Unity – among the Jewish people in particular – is quite a paradox. We are one people and, yet, there are vast differences between us. We experience much discord between and even within the different denominations.
We bicker, battle and debate over who is right and who is wrong. The struggle arises from the need to have others believe and do as we do. After all, if we are doing what we believe is right, doesn’t that mean that everyone else is wrong?
The ability to accept that there is more than one way, more than one “right” way is difficult to attain. But, acceptance, tolerance and restraint from passing judgment are essential to Jewish unity. And the fine line between confidence in our own decisions and our assessment over the decisions of others is where unity lies.
It is all part of G-d’s plan, is it not? So, if G-d intended for us all to be different or if G-d knew that, eventually, there would be vast differences – then doesn’t G-d’s plan for Ahavas Yisrael (love for all Jewish people) to incorporate that? What is it that G-d wants from us? Does He want us all to come under the same umbrella wearing the same raincoat? Or, does G-d want us to stand together under the same umbrella wearing the raingear we’ve decided will protect us best?
Ahavas Yisrael tells me that I should not judge the Jew who goes to synagogue every week, who honors the holidays and fasts, who marries a Jew, raises his child as a Jew but who does not believe in G-d. Who am I to judge the individual who reconnected with Judaism because she found the music played during Saturday morning services so delightful? Who am I to judge the individual who does not turn on his computer (anymore) during Shabbos but does walk to the corner bakery for a doughnut and a cup of coffee on Shabbat? And, who am I to judge the woman who chooses to work fulltime and be the breadwinner for her family in order that her husband can study Torah all day?
We have such magnificent differences that lie above a foundation that connects us all. Celebrating it is a tremendous task and a huge part of accomplishing Jewish unity. Here are my ideas for creating Jewish unity in your community:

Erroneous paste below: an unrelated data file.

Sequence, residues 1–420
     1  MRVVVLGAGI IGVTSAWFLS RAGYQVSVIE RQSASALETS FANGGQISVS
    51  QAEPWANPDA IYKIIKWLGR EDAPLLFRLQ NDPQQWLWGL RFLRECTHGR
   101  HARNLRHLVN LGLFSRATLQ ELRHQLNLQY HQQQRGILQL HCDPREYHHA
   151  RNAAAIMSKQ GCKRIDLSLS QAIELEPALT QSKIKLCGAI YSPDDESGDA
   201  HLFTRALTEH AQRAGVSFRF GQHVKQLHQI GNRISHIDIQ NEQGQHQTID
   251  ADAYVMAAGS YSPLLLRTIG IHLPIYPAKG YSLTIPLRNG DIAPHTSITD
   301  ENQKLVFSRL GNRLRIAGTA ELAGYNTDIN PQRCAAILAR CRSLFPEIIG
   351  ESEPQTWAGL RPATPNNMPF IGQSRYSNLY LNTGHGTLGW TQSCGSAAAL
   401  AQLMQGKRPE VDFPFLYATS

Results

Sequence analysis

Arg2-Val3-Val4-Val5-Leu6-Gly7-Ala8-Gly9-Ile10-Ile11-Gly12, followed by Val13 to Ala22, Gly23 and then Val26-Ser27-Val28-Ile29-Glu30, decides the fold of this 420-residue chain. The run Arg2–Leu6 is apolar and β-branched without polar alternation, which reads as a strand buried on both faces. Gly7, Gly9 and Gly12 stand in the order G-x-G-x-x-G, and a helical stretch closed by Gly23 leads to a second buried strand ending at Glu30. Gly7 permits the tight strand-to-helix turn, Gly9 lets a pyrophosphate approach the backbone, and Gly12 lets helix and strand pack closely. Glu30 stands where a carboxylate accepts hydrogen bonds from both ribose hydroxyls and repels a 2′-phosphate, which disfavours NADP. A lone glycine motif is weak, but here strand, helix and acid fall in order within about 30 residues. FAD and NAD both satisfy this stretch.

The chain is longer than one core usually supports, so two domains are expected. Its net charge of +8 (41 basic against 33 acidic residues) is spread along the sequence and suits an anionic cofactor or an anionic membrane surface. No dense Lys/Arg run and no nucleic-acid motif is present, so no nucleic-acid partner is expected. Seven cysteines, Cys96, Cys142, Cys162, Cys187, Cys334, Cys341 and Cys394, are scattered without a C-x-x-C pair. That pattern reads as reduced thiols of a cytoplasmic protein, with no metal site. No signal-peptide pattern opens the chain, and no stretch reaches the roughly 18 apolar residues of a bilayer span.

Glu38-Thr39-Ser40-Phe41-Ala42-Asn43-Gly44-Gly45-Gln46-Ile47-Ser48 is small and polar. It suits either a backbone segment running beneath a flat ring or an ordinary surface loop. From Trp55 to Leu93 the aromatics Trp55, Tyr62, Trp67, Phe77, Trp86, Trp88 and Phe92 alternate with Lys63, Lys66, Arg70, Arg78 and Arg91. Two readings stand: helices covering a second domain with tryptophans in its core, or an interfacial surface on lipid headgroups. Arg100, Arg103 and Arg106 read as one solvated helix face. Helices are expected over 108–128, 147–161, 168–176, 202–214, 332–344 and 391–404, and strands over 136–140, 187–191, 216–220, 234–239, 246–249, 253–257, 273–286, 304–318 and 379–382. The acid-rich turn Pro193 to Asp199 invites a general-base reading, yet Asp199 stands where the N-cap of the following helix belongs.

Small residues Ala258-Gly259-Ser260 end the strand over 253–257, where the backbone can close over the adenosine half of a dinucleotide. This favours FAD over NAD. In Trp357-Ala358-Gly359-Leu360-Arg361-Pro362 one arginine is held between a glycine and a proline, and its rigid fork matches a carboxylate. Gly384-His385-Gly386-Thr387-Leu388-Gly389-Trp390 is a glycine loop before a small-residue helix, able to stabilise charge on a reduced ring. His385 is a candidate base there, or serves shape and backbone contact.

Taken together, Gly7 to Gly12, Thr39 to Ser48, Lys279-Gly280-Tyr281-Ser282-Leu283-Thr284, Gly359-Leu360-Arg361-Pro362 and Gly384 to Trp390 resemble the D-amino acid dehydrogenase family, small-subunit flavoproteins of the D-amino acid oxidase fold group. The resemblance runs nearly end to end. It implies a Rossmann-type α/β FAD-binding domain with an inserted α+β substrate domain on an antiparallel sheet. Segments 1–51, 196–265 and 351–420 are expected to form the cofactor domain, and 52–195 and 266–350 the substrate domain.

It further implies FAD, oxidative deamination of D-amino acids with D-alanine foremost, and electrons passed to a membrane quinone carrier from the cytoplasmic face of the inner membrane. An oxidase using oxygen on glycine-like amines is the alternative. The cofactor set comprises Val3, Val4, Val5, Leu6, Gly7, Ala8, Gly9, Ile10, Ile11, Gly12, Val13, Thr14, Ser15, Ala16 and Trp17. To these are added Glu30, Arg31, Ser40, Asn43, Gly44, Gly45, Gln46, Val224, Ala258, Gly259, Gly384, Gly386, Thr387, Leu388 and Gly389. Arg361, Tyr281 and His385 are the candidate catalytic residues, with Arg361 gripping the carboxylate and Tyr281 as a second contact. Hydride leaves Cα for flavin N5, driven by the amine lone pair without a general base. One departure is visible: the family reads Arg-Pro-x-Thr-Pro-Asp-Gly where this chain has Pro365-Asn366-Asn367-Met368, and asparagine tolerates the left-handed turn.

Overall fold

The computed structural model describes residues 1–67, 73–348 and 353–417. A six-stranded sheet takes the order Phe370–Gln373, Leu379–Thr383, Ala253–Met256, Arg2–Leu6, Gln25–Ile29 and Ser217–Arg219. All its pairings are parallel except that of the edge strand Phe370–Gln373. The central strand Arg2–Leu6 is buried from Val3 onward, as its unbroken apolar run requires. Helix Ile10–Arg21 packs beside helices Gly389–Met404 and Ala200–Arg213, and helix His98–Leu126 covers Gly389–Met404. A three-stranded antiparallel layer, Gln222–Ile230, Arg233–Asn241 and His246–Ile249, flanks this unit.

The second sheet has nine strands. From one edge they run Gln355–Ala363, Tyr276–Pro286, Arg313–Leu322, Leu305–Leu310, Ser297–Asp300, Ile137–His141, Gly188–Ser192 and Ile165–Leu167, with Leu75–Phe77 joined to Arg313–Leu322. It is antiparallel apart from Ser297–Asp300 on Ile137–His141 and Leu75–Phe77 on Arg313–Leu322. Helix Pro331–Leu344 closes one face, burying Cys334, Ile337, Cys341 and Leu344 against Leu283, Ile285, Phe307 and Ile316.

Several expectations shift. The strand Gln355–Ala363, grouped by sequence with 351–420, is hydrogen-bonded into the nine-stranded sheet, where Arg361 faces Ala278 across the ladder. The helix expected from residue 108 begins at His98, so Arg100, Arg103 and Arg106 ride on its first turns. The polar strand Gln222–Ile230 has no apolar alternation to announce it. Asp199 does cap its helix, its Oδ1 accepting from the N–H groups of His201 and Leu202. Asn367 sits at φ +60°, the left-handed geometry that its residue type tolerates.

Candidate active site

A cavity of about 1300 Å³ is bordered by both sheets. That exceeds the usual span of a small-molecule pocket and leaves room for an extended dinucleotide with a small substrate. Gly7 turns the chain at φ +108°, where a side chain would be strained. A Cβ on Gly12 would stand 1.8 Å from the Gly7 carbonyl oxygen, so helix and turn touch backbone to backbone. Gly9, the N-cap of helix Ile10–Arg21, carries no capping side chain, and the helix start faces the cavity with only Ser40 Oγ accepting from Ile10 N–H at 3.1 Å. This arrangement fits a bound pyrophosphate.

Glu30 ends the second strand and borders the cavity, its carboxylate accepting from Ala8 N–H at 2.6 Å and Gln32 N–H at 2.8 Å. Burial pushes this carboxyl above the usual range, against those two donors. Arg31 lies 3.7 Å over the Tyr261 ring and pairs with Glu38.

1. Step over a line. Invite an acquaintance over for Shabbat dinner – perhaps someone you met while doing volunteer work for a Jewish organization or someone you know in the community but have never socialized with.
2. Invite members from several different synagogues to participate in a mitzvah project together. Clean up a neighborhood park or walking trail. Visit a senior citizen home. Depending on the ages of the group you gather, there is an endless list of possibilities.
3. Subscribe to Jewish magazines published through various denominations of Judaism. Know what and how others are thinking – not for the sake of argument but for the sake of breaking down ignorance. A list of magazines for each denomination can be found in the Judaism forum.
4. Bring several local Jewish organizations together to invite a speaker to your community. There are many Jewish individuals on the speaking circuit who can be inspirational, uplifting and knowledgeable no matter which branch of Judaism you cling to.
5. Stop by the BellaOnline Forum. Start a conversation. Join a conversation. Talk about Jewish unity, Jewish thought or Jewish food! Learn something new. Ask a question. Speak with people from different denominations of Judaism, different countries or different religions all together.
6. Attend a Jewish Unity Live event, which occur in many cities throughout the United States and Canada. Speakers, musicians and other entertainers all contribute to the experience. (See the website below)
7. Join EJewish Philanthropy (website also below). Among other things EJewish Philanthropy sends a newsletter with updates on Jewish philanthropies, including valuable resource information for philanthropy organizations, links to their active blogs and resources for people who want to get more involved. You can also sign up for this year’s Jewish Social Action Month (JSAM).
8. Listen to Jewish music. I find when I turn off the news and turn on the music, the atmosphere in my car or home completely changes. You cannot help but get involved when you are listening to Israeli music or songs about the Jewish holidays. It’s like taking a quick visit to Israel – you feel it in your heart, in your pride, in your joy.
9. Gather some local women together for a reading of Psalms. Anyone can participate. You can read in English or Hebrew. You can recite Tehillim (Psalms) in the merit of someone who might need your prayers – the soldiers protecting Israel, a friend who is trying to get pregnant, someone who has been battling a difficult illness. You can find Tehillim online by doing a Google search.
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